Where did I put that project? Naming conventions can go a long way to help you find what you need. If you work with a high volume of projects a clever naming system may still not do the trick. A Search Key is a unique identifier that allows you to differentiate an item. Think Social Security number. I like to use a five or six digit number at the end of every project folder to identify it. All other references to that project — invoices, documentation, correspondence, etc. — include that code so I can go to the correct data set quickly.

Project Life Cycle
In my experience there are different ways we keep files safe from failure by machines and people. Let’s differentiate Safety, Backup and Archive because so often these terms are used interchangeably.

Safety – This is a running copy made while work is underway. For example, during a recording session in years past this might have been a second recorder. These days it’s a redundant array that ensures failure of the primary storage doesn’t nuke the work happening right now. In other words if the primary storage fails, work doesn’t stop.

Backup – At periodic intervals (daily) and/or at significant milestones a copy of the work is put somewhere else. If primary storage fails you’ve only lost work since the last backup. It shouldn’t cause version control problems because you don’t use it for anything but protection. This copy is like a firehouse: you don’t ever want to use it. But when you need to put out a fire, you are very glad to have it.

Archive – Projects become dormant over time. I move files off of active storage after six or more months of inactivity. But that doesn’t mean the client won’t contact me in two years to revisit the material. The process of deep sixing data for use years later is known as archiving. I’ll make the files pretty and try to re-format or re-configure things in an effort to future-proof them. I like to gather all related documentation, screen shots and anything that can help someone use the data again after we’ve all forgotten the particulars, then put that stuff in a master folder. Next I zip the whole thing, apply an MD5 hash to it and copy it all to two different external drives. Every 3-5 years the zipped archive and MD5 hash move to another set of drives.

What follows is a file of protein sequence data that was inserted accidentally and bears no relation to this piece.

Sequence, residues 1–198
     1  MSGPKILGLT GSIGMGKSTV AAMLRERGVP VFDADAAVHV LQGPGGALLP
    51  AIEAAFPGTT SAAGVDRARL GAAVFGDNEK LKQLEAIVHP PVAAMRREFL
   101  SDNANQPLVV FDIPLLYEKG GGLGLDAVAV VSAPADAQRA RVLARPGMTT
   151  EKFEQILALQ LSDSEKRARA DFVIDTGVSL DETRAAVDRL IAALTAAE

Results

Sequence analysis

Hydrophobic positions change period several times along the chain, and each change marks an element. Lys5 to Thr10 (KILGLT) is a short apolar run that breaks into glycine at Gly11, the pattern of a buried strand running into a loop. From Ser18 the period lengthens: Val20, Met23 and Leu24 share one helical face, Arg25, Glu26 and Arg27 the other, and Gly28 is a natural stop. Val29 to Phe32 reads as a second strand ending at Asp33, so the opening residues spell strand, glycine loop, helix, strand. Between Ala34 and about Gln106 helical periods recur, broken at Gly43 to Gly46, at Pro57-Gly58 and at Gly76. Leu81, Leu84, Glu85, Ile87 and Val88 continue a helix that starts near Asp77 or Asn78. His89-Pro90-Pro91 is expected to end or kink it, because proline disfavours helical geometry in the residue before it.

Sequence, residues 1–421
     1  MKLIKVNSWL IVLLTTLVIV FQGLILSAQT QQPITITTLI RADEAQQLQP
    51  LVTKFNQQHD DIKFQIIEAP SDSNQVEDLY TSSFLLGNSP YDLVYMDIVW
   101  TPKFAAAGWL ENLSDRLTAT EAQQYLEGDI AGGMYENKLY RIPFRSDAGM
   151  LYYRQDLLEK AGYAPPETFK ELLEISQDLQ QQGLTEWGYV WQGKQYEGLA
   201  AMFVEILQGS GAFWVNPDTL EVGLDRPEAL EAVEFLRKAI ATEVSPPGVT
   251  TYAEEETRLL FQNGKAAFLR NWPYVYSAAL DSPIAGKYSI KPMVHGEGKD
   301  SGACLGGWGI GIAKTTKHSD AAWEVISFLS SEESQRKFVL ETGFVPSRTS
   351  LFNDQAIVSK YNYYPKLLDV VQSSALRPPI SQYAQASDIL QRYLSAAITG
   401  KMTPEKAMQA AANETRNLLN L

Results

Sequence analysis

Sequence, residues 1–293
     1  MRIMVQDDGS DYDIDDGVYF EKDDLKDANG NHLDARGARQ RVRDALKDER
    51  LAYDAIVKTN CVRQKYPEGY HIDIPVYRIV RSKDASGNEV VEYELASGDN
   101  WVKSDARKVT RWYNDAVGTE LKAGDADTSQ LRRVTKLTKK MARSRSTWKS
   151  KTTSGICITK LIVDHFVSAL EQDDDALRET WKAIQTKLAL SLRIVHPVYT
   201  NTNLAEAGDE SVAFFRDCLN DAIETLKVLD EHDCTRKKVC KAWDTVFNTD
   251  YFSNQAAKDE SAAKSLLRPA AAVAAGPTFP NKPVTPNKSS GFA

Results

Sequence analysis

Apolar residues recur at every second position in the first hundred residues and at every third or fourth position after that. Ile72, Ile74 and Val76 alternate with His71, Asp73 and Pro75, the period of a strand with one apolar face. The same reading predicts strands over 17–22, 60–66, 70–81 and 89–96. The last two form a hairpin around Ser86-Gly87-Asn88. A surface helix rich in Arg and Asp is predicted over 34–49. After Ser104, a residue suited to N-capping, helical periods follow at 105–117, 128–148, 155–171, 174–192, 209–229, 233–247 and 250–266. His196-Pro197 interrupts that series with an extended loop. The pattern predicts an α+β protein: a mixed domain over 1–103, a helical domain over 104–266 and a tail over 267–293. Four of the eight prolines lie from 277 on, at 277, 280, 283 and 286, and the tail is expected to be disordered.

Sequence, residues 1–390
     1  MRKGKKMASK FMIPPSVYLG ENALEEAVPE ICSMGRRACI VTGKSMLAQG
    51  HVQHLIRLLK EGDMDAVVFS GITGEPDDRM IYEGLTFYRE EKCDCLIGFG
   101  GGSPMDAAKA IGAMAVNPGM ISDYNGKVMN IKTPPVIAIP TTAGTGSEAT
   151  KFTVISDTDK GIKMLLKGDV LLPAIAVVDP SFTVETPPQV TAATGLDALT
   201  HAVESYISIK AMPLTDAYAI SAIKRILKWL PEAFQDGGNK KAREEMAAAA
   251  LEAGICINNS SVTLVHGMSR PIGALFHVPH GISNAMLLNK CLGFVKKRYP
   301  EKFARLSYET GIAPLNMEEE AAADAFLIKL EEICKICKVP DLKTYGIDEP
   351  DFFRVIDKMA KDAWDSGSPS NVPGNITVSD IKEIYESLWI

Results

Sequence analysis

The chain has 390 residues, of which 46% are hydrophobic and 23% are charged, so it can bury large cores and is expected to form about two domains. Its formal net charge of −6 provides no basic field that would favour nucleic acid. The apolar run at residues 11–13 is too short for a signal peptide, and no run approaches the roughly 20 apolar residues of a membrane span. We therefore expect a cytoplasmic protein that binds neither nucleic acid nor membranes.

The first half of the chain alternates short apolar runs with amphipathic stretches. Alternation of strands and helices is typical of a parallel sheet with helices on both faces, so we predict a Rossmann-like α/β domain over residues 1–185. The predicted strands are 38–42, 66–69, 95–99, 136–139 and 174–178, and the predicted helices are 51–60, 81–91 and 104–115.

Follow-up articles: Business Continuity and Disaster Recovery, Media Storage Flavors
See also Rob Schlette’s excellent article 5 Steps for More Dependable Hard Drives at


Leave a Comment
  1. Varun Nair (@ntkeep) / Sep 28 2011 8:45 am

    What about future proofing as far as plugin versions are concerned? Do you print stems of everything (even if there are no requirements on the delivery list)?

    • Randy Coppinger / Sep 28 2011 9:59 am

      Good question Varun. I’d like to say that I always flatten the source files (consolidate for the same head and tail on every track), print individual processed tracks, print stems and print alternate mixes (vocal up, instrumental, etc.). I’d also like to say I take screen shots of every plugin. But the truth is I tend to make some subset of those things depending on the project. How about you, Varun?

      • Varun Nair (@ntkeep) / Sep 28 2011 4:20 pm

        As you said, it depends on the project/client. It’s usually consolidation and stems.

  2. kiwiSteve / Sep 28 2011 6:26 pm